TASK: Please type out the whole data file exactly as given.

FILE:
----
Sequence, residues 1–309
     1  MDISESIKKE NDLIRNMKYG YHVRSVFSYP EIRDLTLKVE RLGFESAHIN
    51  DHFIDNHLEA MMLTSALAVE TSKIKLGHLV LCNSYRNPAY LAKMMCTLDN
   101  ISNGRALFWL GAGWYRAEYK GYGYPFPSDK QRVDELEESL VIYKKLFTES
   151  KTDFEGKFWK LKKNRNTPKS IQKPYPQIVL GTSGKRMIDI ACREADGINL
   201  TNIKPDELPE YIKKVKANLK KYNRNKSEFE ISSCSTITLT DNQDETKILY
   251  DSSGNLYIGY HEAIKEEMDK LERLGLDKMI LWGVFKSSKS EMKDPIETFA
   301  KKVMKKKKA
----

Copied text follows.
Sequence, residues 1–309
     1  MDISESIKKE NDLIRNMKYG YHVRSVFSYP EIRDLTLKVE RLGFESAHIN
    51  DHFIDNHLEA MMLTSALAVE TSKIKLGHLV LCNSYRNPAY LAKMMCTLDN
   101  ISNGRALFWL GAGWYRAEYK GYGYPFPSDK QRVDELEESL VIYKKLFTES
   151  KTDFEGKFWK LKKNRNTPKS IQKPYPQIVL GTSGKRMIDI ACREADGINL
   201  TNIKPDELPE YIKKVKANLK KYNRNKSEFE ISSCSTITLT DNQDETKILY
   251  DSSGNLYIGY HEAIKEEMDK LERLGLDKMI LWGVFKSSKS EMKDPIETFA
   301  KKVMKKKKA